Skipping over the question of how the President-elect knows the briefings contain the same thing every day, if he only takes them once a week, The Dead Drop’s sources raise a couple points. First, the briefings now available to Trump are crafted to the liking of Barack Obama, who (rumor has it) remains president until noon on January 20. After that, if Trump wants a change in style or content, as the prime customer, he can order it up. Secondly, the briefings are said to be opportunities for the principal and senior intelligence officials to engage in a dialog about what the articles mean, and what additional intelligence is needed. And finally, Trump is missing the opportunity to score some points in his response. The tradition of a president receiving an in-person daily briefing is a relatively new one. Despite the fact that Trump previously trashed Obama for not paying enough attention to the briefings – he might find it useful to take note that as recently as the Clinton administration – the president reportedly got most of his briefings in writing and generally skipped the one-on-one fireside chat with his briefer.
POCKET LITTER: Bits and pieces of interesting stuff we found lying around
- Where do novelists come up with this crazy stuff? Former CIA case officer and accomplished novelist Jason Matthews has a book coming out next August called, “The Kremlin’s Candidate” about Russian President Putin messing around in U.S. presidential politics.
- Michelob, Marlboros, and Mad Dog Mattis: Psychologist and former CIA enhanced interrogation maven James Mitchell respectfully disagreed with Defense Secretary-designate James Mattis on whether terrorists can be cajoled into giving up critical secrets with just a beer and some cigarettes. In an OPED in the WSJ, Mitchell suggests that if Mattis had been captured by our enemies, he would not have caved easily – and so it is folly to think that people like alleged 9/11 mastermind Khalid Sheikh Mohammed would do so either.
- IS SECRETARY OF DEFENSE TAKEN? In addition to meeting with Kanye West on Tuesday, President-elect Trump also met with former Baltimore Ravens linebacker Ray Lewis. No word on what position Lewis might play in the new administration.
- USS The Deplorables? Some folks are mounting a petition drive to urge the White House to name the next major U.S. Navy ship the “USS The Deplorables.” Outgoing Secretary of the Navy Ray Mabus has been criticized by some for politicizing ship monikers – so maybe this suggestion is fair game. We imagine Navy ball caps with the name emblazoned on it would sell quite briskly.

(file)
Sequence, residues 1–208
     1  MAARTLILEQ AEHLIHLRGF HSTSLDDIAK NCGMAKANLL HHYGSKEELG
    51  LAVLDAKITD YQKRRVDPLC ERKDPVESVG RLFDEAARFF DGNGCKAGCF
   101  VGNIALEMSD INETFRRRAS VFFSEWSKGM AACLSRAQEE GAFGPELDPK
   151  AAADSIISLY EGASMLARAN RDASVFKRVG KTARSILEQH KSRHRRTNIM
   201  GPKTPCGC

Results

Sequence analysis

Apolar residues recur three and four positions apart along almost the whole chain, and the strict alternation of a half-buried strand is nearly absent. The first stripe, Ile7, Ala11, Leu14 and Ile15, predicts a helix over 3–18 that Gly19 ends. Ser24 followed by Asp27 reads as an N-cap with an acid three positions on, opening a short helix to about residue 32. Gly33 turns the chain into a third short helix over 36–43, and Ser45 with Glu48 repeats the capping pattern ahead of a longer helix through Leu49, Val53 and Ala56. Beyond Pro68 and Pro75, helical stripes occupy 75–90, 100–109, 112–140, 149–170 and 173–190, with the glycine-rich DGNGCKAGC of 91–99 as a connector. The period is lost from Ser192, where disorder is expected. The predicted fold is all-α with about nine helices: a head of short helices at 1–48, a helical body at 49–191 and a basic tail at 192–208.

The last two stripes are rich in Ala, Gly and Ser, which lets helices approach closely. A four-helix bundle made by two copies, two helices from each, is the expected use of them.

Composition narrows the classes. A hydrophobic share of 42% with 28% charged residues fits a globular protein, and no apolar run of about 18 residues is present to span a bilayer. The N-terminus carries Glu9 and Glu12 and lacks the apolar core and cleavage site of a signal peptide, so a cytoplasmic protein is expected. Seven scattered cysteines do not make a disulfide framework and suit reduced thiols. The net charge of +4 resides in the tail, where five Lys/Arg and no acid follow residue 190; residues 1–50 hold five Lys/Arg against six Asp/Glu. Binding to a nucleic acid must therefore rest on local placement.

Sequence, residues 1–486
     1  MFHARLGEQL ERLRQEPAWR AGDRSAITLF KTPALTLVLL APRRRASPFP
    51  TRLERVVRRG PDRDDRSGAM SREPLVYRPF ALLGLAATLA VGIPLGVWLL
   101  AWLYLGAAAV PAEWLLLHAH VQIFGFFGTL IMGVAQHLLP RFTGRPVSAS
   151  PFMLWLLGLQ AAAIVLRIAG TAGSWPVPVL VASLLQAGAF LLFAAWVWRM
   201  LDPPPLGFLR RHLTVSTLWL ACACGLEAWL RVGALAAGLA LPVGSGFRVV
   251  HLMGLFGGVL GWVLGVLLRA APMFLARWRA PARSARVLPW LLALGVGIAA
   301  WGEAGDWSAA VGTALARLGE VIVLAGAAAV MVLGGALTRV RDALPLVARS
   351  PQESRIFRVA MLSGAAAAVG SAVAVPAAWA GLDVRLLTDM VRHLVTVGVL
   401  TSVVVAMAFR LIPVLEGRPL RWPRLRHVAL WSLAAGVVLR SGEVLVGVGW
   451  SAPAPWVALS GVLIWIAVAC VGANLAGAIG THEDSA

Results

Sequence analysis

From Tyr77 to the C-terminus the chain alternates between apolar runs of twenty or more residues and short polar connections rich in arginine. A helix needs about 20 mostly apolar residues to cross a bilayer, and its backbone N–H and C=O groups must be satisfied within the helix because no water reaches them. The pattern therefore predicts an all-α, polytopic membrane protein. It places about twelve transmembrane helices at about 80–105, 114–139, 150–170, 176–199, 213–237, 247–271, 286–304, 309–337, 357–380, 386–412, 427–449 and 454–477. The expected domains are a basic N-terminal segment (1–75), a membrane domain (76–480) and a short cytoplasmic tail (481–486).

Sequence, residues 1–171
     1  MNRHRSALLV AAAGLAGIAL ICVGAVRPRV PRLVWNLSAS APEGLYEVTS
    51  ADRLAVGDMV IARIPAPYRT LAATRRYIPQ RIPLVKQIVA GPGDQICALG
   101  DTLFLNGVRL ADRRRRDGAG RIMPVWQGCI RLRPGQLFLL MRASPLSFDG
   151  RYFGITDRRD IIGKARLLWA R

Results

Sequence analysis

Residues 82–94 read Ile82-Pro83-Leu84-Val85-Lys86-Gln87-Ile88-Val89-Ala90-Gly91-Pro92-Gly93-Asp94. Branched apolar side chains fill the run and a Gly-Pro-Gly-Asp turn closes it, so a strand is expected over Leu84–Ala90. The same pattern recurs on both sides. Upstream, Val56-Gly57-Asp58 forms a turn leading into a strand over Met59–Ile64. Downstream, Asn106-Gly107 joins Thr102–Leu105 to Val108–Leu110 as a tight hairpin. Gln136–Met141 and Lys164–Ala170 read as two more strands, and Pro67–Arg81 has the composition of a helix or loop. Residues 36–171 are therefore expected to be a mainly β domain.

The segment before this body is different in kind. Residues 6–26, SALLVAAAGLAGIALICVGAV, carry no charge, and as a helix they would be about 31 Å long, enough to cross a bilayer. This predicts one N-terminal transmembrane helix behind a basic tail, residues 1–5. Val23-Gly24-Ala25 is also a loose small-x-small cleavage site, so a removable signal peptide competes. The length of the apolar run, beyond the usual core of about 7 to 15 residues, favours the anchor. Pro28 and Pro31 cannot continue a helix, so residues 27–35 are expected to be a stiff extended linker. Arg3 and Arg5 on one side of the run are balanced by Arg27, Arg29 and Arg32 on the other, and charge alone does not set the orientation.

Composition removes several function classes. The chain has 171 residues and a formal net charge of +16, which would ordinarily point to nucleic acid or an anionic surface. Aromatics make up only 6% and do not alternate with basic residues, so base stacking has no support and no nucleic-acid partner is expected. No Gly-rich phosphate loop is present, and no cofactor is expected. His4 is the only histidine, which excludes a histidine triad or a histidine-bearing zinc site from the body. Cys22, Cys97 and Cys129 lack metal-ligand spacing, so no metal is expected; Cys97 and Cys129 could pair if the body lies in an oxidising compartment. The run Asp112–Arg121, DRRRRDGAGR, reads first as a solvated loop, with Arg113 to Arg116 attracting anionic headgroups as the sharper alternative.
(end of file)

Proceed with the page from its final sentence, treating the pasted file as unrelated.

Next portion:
- UNKIND CUTS: Joe Scarborough warned the President-elect not to mess with the CIA. “The CIA can cut the new administration to shreds every week with selective leaks, and they will if this relationship is not cleaned up. And to have somebody as your national security advisor, who is accusing the C.I.A., who I said yesterday, is the organization that is on the tip of the spear in the fight against terrorism every day, accuse them of lying. It’s just, it’s mind boggling.”
- YOU ARE NOT GOING TO BELIEVE THIS! OK, maybe you will. CIA alumni Phil Houston has an article in Mediaite giving five ways to detect fake news. He says watch out for: crazy claims, incredulous introductions, audacious repetition, hyper hyperbole, and a void of validation.
- NO COMMENT NO MORE: The CIA is now allowing public comments on its Facebook page. Well, sort of. The Agency posted a 400+ word-long set of instructions for anyone who would like to comments on stuff there. The most common words in the instructions are “do not” – e.g. “Do not post advertisements, prize contests or giveaways,” and “Do not post graphic, obscene, sexually explicit or racially offensive comments or content.” The incoming comments are moderated – meaning there is some poor bureaucrat who we suspect is going to get a lot of exercise hitting the “delete” key.
NETWORK NEWS: Not a day goes by when members of The Cipher Brief Network aren’t making news. Here are just a few examples from this week:
- General Michael Hayden was just about everywhere reacting to the President-elect dissing the CIA, including of course, on The Cipher Brief. In an interview on NPR, he called Trump’s comments “uncharted territory.”
- And John McLaughlin was dealing with the same issue on The Cipher Brief, as well as on MSNBC.
- Retired Admiral James Stavridis told Morning Joe that President Obama may look back “in deep sorry and some shame” over the lack of action to deal with Syria.
- Former head of the Department of Homeland Security, Michael Chertoff, spoke with NPR regarding the challenges that his successor, retired General John Kelly, will face at DHS.
SECURITY QUOTE OF THE WEEK:
“It is an attack on our very democracy. It’s an attack on who we are as a people. A foreign government messing around in our elections is, I think, an existential threat to our way of life. To me, and this is to me not an overstatement, this is the political equivalent of 9/11. It is huge and the fact that it hasn’t gotten more attention from the Obama Administration, Congress, and the mainstream media, is just shocking to me.”
-Michael Morell, former Acting Director and former Deputy Director of the CIA
IF YOU SEE SOMETHING, SAY SOMETHING: Got any tips for your friendly neighborhood Dead Drop? Shoot us a note at TheDeadDrop@theCipherBrief.com.